So, the CFL bulb doesn’t provide light, it takes 10 minutes to warm up to provide its inadequate light, it burns out with use, it’s FOUR TIMES more expensive, and it’s dangerous to dispose of safely.   Hmmmmm.  Do bear in mind this outcome is exactly how the so-called free market works when it is unfettered from the real needs of people and communities.  CFLs bring in more money.  Period. 

In addition, many people don’t like the light–they say it gives them headaches, causes eye strain, etc.  Turns out the coating on the bulb wears thin, which allows a harmful light that causes damage to eyes and skin.  In short, they are unhealthy. 

Amazon’s price is going up as the stock goes down.

Act now.

You might think about writing your congress people too.

 

 

 

Written by louisaenright

July 15, 2013 at 6:12 pm

Turkey Tracks: Margaret’s Rag Rugs

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Turkey Tracks:  July 15, 2013

Margaret’s Rag Rugs

 

Friend Margaret Rauenhorst just made the two prettiest rag rugs I’ve seen yet.

First, husband Ronald VanHeeswjik made her the hand-held loom–using the original stacked method, not the method that miters the corners which makes the loom totally flat and, we think, harder to handle.  They figured a way to make a stand that allows Margaret to prop it over a radiator as she wanted to stand to make the rugs.  Along the way, they made some other improvements in the loom and in the braiding that I think are really good.

Margaret collected her fabrics from Good Will, The Salvation Army, and local quilting stores with fabric on sale.  Just remember to choose fabrics that don’t ravel easily and that will wash and wear–that probably means cotton sheets, tablecloths, curtains, and the like.  (And wash everything you bring into the house to prevent bedbugs.)  Margaret divided her fabrics in half so that she could keep the rugs similar in color.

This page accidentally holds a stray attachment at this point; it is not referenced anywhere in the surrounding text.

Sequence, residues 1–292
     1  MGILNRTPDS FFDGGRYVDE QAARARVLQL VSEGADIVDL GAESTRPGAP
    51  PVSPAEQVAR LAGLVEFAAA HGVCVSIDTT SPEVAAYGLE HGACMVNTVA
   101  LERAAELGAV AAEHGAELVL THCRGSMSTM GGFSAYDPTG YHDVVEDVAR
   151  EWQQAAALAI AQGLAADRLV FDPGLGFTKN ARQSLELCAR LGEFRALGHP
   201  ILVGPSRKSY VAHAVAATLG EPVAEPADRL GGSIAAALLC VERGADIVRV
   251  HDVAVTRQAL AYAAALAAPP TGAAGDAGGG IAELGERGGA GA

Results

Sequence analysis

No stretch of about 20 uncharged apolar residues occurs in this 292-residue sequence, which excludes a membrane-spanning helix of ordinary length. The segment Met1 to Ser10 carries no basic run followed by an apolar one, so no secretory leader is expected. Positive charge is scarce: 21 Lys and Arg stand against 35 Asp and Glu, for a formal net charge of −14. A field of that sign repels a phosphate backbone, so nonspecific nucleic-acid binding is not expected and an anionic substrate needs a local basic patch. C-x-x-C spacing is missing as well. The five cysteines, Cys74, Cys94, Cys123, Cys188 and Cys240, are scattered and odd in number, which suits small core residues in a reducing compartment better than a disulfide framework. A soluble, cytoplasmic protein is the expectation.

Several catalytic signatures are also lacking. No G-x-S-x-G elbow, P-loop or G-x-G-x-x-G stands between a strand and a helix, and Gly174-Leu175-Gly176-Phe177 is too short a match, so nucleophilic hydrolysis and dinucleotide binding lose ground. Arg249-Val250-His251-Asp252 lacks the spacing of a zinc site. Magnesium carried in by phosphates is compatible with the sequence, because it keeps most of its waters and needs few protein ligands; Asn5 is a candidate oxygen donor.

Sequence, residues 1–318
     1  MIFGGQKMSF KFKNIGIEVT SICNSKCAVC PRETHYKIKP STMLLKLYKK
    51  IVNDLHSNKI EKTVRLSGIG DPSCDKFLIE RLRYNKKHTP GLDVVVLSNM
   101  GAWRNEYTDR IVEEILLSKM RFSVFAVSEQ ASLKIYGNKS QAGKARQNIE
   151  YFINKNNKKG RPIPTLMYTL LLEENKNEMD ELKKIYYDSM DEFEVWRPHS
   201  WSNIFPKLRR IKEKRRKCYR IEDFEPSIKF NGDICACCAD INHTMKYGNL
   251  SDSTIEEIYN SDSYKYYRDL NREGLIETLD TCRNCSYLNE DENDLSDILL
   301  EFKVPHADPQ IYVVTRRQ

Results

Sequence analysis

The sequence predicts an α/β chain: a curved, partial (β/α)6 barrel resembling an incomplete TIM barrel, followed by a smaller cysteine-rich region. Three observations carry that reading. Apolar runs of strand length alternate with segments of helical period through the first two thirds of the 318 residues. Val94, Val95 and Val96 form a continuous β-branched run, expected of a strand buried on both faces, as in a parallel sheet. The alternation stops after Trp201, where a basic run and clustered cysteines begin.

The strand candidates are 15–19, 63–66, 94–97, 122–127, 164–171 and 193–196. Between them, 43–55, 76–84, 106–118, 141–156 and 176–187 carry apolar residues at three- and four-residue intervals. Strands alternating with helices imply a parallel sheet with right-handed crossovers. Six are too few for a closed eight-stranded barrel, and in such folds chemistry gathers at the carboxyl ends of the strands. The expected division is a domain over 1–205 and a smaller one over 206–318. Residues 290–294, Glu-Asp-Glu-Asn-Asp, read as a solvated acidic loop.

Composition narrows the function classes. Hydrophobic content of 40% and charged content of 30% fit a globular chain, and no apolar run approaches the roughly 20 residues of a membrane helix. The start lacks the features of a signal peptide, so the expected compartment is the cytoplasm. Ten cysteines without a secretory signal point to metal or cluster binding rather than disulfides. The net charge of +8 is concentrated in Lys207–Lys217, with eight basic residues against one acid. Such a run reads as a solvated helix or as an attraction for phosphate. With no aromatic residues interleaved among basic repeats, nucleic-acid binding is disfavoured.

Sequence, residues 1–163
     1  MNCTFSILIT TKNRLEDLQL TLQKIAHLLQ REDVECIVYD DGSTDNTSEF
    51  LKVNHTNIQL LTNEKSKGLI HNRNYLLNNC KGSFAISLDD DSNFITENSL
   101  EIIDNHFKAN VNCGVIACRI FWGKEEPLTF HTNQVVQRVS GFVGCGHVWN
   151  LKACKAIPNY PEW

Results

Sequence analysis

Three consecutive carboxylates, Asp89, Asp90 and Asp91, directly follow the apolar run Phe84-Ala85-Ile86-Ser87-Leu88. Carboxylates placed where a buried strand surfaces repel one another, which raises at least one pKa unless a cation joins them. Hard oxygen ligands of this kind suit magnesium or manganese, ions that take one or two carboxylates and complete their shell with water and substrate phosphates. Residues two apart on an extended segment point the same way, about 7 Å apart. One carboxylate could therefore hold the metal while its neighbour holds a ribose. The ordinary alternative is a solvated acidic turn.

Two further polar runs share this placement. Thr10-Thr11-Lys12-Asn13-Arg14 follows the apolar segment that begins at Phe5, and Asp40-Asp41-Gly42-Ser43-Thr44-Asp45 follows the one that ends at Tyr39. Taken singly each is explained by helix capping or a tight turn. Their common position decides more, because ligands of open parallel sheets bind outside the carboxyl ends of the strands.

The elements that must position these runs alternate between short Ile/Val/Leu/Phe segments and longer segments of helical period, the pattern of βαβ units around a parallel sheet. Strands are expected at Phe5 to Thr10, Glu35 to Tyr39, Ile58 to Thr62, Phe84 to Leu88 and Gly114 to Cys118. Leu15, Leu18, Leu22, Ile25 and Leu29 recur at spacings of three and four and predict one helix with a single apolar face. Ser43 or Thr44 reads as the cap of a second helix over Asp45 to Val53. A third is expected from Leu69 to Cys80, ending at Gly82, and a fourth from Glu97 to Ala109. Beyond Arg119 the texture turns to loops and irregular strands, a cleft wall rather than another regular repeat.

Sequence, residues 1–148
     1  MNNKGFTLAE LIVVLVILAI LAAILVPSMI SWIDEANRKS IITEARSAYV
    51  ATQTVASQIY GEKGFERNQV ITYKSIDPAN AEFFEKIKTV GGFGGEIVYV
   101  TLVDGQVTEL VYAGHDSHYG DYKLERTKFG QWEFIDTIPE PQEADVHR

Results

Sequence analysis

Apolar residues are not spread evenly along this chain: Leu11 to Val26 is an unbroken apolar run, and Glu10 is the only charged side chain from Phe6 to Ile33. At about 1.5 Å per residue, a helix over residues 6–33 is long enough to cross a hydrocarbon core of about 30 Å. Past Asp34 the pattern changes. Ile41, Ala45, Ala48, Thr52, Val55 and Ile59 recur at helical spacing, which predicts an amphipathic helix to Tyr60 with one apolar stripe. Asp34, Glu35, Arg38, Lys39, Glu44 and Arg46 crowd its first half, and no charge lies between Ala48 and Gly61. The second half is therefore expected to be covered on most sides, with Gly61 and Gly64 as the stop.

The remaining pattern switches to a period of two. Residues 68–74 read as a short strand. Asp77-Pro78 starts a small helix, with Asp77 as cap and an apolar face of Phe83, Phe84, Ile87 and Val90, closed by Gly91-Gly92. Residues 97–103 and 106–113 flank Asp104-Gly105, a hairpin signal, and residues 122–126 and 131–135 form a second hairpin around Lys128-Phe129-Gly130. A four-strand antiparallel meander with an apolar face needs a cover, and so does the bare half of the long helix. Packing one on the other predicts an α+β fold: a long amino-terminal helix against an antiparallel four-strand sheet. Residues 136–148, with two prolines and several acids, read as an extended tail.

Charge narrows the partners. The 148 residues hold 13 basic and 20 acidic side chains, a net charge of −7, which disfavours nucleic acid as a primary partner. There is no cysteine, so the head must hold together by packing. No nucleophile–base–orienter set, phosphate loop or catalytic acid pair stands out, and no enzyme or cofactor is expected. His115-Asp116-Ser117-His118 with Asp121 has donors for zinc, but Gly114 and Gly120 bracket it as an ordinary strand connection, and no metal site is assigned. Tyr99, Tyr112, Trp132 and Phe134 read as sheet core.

First before anything, look at these beauties:

Margaret's Two Rugs 2

The one on the left is made by banding the same colors; the one on the right is more of a herringbone pattern, where you keep switching colors when a color runs out.

Margaret's two rugs

I love the clear colors Margaret has used–the rugs shimmer in the light.  So pretty.  And of course Margaret checked with the bride to see what colors she and her groom liked together before collecting her fabric.

Here’s Margaret braiding/weaving on her loom.  Note how she’s using a dowel to separate the background strands–I like that idea a lot.

Margaret's rag rug frame

Here’s another improvement:  the side bars slip up and down until you get enough tension on them–and can slip all the way out if you are not careful to grip them when you lift the loom.  Ronald and Margaret solved this issue by drilling a hole in the bottom of each bar and attaching a clip that keeps the bar from sliding.  They’ve promised to drill mine when I finish with the rug that’s on the loom now–which will be a winter project for me maybe unless one of the kiddos or Tami gets interested.

Margaret's rag rug frame catch at bottom

As part of the wedding gift, Margaret put together a little book of all the “sayings” she said ran through her head about healthy marriages and relationships as she stood and braided.  She told me some of these one day when I went to see the first rug.  I thought them wonderful–and still think she should maybe do something more formal with that book.  (The bride loved it–how could she not?) Many of them speak to how lives get woven together as we live:  the bride and groom, of course.  But, also, Ronald, Margaret, and me as they took up this rag rug project.  And, of course, all the lives woven together on this blog.

I can pretty much bet that those two rugs will be with that bride and groom throughout their lives together.

What a gift–on so many levels!

Earlier entries on this blog give more information about a good rag-rug book and how to make the loom.  It’s pretty basic.

Written by louisaenright

July 15, 2013 at 5:34 pm

Turkey Tracks: Green Camden Hills Beauty: Thanks Bonnie Hunter